EU urged to press Turkmenistan for human rights improvements
Foreign Minister Rashid Meredov is scheduled to meet in Brussels with EU High Representative Catherine Ashton and other high-level EU officials to discuss energy issues and Turkmenistan's potential accession to the World Trade Organization.
“EU officials should not miss this rare, high-level opportunity to privately and publicly press for human rights improvements in Turkmenistan,” said Rachel Denber, deputy Europe and Central Asia director at Human Rights Watch. “The EU officials need to make clear that Turkmenistan's natural resources can't buy impunity and that its appalling human rights record is hindering deeper relations with the EU.”
Turkmenistan, rich in natural gas, is one of the most repressive countries in the world.
The government threatens, harasses, and arrests people who question its policies, however modestly. Political prisoners languish in its prisons, some are forcibly disappeared, and the rights to freedom of expression, association, assembly, movement, and religion are subject to draconian restrictions. The country is virtually closed to independent scrutiny, and independent civil society and media cannot operate openly, if at all.
For more than a decade, Turkmenistan's abysmal human rights record has held up upgraded relations with the EU in the form of a Partnership and Cooperation Agreement (PCA). The agreement contains a clause committing both parties to respect human rights.
The European Parliament has repeatedly postponed approving the agreement, which the European External Action Service, the European Commission, and the majority of EU member states appear to favor.
In 2008 the European Parliament set specific benchmarks the Turkmen government would have to fulfill as a condition for upgraded relations with the EU, including the release of political prisoners, “abolishing government impediments to travel abroad,” and “allowing free access of independent NGOs and permitting the United Nations human rights bodies to operate freely in the country to monitor.”
Human Rights Watch said the European External Action Service, the European Commission, and member states have persistently failed to engage Turkmen authorities actively to see that Turkmenistan meets the benchmarks and more generally to press for concrete rights improvements as part of their engagement with Ashgabat.
“The EU has missed too many chances to do the only right thing in response to persistent human rights abuses in Turkmenistan, but it can turn things around with Meredov's visit,” Denber said. “It can start with urging a full accounting of the fate and whereabouts of people languishing in prison incommunicado, and in particular those who have been forcibly disappeared.”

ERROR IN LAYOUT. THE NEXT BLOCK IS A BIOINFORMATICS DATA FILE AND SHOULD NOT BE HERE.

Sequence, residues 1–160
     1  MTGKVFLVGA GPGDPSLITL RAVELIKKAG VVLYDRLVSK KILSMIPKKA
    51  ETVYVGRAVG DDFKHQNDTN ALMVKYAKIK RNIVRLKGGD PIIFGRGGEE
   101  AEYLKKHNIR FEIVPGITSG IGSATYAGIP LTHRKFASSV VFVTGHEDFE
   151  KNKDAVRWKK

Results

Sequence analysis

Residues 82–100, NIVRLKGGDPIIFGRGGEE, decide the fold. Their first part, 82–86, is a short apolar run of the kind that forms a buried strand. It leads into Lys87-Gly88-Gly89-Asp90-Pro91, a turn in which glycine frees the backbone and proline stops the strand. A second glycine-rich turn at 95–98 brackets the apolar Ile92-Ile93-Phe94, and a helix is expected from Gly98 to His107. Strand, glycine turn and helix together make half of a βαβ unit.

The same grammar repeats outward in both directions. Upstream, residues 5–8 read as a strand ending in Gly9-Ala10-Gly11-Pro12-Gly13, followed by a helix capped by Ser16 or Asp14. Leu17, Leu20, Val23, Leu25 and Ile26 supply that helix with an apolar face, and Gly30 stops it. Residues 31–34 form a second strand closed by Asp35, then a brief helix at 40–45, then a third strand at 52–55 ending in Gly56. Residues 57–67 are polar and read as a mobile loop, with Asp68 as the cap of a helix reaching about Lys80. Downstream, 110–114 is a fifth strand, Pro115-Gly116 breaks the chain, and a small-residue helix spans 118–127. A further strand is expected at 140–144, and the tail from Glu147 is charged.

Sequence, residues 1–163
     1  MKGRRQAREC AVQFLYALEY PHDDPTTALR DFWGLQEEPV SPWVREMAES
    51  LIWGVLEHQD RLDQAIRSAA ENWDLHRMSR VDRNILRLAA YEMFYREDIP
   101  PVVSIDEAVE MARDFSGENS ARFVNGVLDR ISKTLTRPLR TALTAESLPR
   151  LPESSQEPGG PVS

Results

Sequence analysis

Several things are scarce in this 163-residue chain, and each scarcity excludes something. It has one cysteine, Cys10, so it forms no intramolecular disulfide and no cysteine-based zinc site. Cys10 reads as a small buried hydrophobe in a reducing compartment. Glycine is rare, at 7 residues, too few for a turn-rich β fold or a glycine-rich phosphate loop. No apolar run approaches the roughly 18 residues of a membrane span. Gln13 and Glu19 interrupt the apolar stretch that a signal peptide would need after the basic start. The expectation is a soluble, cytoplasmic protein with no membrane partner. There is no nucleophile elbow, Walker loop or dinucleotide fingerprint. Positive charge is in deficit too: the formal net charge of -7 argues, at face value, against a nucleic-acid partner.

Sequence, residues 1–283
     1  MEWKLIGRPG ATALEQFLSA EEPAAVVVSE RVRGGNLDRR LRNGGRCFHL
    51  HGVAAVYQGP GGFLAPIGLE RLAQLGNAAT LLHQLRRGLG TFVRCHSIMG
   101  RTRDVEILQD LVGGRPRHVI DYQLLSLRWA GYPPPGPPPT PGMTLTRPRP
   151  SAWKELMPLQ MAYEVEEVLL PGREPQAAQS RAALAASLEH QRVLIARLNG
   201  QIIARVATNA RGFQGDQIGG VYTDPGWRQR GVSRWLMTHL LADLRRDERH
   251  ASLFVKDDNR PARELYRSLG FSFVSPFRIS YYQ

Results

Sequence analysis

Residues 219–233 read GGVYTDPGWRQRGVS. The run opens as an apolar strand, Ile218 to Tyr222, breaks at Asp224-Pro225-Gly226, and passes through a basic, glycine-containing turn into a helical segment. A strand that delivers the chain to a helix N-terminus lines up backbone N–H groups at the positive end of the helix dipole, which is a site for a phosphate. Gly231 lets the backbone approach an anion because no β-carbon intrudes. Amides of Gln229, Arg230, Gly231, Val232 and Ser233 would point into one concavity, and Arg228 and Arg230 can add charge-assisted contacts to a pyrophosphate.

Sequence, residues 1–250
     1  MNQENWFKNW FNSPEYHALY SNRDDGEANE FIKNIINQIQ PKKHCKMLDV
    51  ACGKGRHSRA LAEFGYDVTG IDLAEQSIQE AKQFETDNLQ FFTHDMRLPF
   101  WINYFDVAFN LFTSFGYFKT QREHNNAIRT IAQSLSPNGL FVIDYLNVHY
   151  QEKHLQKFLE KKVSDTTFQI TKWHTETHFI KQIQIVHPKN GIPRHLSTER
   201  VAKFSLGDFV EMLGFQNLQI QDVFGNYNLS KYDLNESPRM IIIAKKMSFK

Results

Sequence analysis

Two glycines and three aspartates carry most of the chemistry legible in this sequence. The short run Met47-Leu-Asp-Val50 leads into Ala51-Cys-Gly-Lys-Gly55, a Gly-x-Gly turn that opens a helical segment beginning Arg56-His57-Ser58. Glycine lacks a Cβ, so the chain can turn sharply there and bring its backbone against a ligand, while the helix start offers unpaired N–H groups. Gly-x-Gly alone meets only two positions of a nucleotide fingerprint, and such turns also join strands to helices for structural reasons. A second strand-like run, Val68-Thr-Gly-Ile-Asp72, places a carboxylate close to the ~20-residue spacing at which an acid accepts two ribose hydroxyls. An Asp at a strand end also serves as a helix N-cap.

The EU should press Meredov to have his government reveal the situations and whereabouts of several dozen prisoners convicted in relation to the November 2002 alleged assassination attempt on then-President Saparmurat Niazov, Human Rights Watch said.
“A decade has passed since these men were arrested, and in some cases their families don't know whether they are dead or alive,” Denber said. “Some have been forcibly disappeared, a grave violation of international law.”
EU officials should also urge Meredov to release the political dissident Gulgeldy Annaniazov, Human Rights Watch said. Annaniazov was arrested in 2008 and is serving an 11-year sentence on unknown charges. His relatives have not been allowed to visit him since his arrest, were not informed about the time and place of his trial, and have had no official information about him in almost five years.
On February 16, 2013, the Turkmen government released two men, Annakurban Amanklychev and Saparurdy Khajiev, imprisoned for their work to expose human rights violations in the country, after they had served their full prison terms.
“No one should be praising Turkmenistan for releasing Amanklychev and Khajiev after they lost more than six years of their lives serving out their terms on utterly bogus charges,” said Denber. “But the releases create momentum for the EU to press Meredov for the government to stop using prison as political retaliation.”
Several weeks later the authorities also released two popular singers, Murad Ovezov and Maksat Kakabaev, who were arrested January 2011 after their joint music video and an interview with them were aired on a Turkish satellite channel. Kakabaev's father, brother, and brother-in-law were also convicted and sentenced to two-year prison sentences in retribution for the broadcast. Due to severe difficulty in obtaining information about prisoners in Turkmenistan, Human Rights Watch has been unable to confirm the fate and whereabouts of Kakabaev's father, brother, and brother-in-law.
Human Rights Watch said EU officials should also publicly press Meredov on other European Parliament benchmarks, including lifting travel bans on activists and their relatives, and allowing independent human-rights monitors – in particular the UN special rapporteurs who have requested invitations – to visit the country.